• The Veterbi Beam search
    • Initialization:
    • For
    • Goto XX
    • Recursive Step:
    • For {
      • Goto XX }
    • Backtracking:
    • XX:
    • For
    • Find p t (s t * )= Max[V t (i)]
    • Calculate the threshold
    • For {
    • If p t (s t =j) MEMORIZE both V t (j) and path " j "
    • Else DISCARD V t (j) }
    • Return
  • SIGN LANGUAGE
    • Sign Language is a communication system using gestures that are interpreted visually.
    • As a whole, sign languages share the same modality , a sign, but they differ from country to country.
  • AMERICAN SIGN LANGUAGE ( ASL )
    • ASL is the dominant sign language in the US, anglophone Canada and parts of Mexico.
    • Currently, approximately 450,000 deaf people in the United States use ASL as their primary language
    • ASL  signs follow a certain order, just as words do in spoken English. However, in ASL one sign can express meaning that would necessitate the use of several words in speech.
    • The grammar of ASL uses spatial locations, motion, and context to indicate syntax.
  • ASL ALPHABETS
    • It is a manual alphabet representing all the letters of the English alphabet, using only the hands.
    • Making words using a manual alphabet is called fingerspelling .
    • Manual alphabets are a part of sign languages
    • For ASL, the one-handed manual alphabet is used.
    • Fingerspelling is used to complement the vocabulary of ASL when spelling individual letters of a word is the preferred or only option, such as with proper names or the titles of works.
    Aa Bb Cc Dd Ee Ff Gg Hh Ii Jj Kk Ll Mm Nn Oo Pp Qq Rr Ss Tt Uu Vv Ww Xx Yy Zz
  • SIGNED ENGLISH ( SE ):
    • SE is a reasonable manual parallel to English.
    • The idea behind SE and other signing systems parallel to English is that deaf people will learn English better if they are exposed, visually through signs, to the grammatical features of English.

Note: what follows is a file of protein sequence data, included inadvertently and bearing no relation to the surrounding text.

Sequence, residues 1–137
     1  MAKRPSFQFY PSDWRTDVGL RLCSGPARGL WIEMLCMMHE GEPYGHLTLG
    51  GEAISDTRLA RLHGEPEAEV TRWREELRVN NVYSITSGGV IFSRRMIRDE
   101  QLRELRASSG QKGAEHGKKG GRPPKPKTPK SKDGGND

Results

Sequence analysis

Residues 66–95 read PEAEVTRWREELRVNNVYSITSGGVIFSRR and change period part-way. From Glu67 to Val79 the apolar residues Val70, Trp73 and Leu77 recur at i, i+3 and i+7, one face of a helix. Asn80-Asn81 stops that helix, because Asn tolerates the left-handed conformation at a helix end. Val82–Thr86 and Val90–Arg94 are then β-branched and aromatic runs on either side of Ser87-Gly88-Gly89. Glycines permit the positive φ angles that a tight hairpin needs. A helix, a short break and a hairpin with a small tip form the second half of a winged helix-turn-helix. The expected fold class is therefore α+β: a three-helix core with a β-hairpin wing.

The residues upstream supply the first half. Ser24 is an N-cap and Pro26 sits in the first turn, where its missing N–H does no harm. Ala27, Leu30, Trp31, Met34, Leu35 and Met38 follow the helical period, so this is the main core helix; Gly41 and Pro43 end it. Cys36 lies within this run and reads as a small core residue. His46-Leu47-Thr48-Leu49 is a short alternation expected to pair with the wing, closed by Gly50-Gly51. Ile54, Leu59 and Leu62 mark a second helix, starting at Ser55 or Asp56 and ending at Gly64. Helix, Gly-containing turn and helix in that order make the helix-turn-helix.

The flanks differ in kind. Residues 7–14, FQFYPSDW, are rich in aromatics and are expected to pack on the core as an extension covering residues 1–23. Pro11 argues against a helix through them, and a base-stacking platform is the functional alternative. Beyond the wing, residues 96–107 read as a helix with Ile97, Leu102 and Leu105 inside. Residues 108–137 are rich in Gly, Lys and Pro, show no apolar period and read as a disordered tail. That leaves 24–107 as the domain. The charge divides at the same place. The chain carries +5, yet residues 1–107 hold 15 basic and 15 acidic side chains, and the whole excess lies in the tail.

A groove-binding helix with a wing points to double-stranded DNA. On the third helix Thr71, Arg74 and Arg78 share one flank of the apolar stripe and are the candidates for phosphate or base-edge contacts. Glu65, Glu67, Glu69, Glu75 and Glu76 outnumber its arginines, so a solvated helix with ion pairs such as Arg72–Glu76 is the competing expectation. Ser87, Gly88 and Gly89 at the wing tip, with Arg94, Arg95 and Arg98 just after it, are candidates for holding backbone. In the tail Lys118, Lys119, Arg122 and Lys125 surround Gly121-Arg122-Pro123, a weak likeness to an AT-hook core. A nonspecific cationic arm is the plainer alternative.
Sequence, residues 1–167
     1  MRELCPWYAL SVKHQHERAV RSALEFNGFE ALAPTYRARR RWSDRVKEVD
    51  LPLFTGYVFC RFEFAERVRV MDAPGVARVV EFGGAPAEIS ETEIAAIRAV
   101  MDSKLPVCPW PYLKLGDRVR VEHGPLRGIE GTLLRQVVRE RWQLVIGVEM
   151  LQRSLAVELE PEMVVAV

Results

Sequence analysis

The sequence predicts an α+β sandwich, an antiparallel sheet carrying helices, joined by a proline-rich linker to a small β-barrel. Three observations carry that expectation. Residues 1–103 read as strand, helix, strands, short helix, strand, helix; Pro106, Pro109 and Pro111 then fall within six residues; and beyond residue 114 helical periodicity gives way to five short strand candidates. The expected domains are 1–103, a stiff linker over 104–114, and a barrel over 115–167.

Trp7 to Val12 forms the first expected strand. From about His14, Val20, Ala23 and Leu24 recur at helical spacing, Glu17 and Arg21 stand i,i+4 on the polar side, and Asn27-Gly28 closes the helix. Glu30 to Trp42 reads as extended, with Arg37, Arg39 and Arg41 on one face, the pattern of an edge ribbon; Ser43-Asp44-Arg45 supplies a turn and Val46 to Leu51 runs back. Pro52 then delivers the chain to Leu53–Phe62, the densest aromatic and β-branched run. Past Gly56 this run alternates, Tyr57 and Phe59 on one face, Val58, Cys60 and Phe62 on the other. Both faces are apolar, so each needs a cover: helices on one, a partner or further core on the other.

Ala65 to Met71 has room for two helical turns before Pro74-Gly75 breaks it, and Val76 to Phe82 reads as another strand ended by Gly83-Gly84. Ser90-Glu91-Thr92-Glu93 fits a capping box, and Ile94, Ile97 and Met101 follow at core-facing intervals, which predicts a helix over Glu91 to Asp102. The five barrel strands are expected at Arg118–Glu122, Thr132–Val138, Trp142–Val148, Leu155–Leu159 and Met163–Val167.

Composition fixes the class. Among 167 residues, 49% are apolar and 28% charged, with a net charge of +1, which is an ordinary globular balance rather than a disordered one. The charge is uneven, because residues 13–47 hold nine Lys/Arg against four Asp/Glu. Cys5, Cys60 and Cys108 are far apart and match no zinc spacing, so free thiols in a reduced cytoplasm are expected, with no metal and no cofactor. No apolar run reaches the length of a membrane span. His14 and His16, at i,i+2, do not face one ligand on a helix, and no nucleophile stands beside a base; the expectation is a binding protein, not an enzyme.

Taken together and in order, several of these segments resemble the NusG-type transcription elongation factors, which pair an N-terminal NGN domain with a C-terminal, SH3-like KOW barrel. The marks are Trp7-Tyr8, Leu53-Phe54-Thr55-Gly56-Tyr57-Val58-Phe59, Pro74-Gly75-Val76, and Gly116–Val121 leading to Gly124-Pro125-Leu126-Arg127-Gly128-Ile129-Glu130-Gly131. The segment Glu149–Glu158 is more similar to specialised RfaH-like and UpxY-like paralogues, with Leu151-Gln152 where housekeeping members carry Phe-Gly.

• SE uses two kinds of gestures: sign words and sign markers .
    • Each sign word stands for a separate entry in a Standard English dictionary.
    • The sign words are signed in the same order as words appear in an English sentence. Sign words are presented in singular, non-past form.
    • Sign markers are added to these basic signs to show, for example, that you are talking about more than one thing or that some thing has happened in the past.
    • When this does not represent the word in mind, the manual alphabet can be used to fingerspell the word.
    • Most of signs in SE are taken from the American Sign Language. But these signs are now used in the same order as English words and with the same meaning.
  • ASL vs. SE (an Example) It is alright if you have a lot ASL Translation SE Translation IT I S ALL RIGHT IF YOU HAVE A LOT
  • DEMONSTRATION OF THE ASL IN OUR SW: A number of 2,600 ASL prerecorded video clips In case of nonbasic word, extract the basic word out of it Recognized Word (SR engine’s output) Is the basic word within the ASL database vocabulary? The American Manual Alphabet Only in case of a nonbasic input word, append some suitable marker Final Output None of the database contents matched the input basic word No Yes Fingerspelling of the original input word The equivalent ASL video clip of the input word, some marker could be appended
  • Speech to Sign Language Interpreter System - MILESTONE Thesis Writing Outline & Progress SW Development & Progress % Drafted Chapter 2: State-of-the-Art of SR Chapter 3: Sphinx SR Chapter 4: Sphinx Decoder Chapter 5: Sign Language Chapter 6: SW Demo ., Conclusions & Further Work Appendices SR Engine ASL Database Overall Integrated SW Chapter 1: Introduction % Completed
  • Thank You
    • Your Questions Are
    • Most Welcomed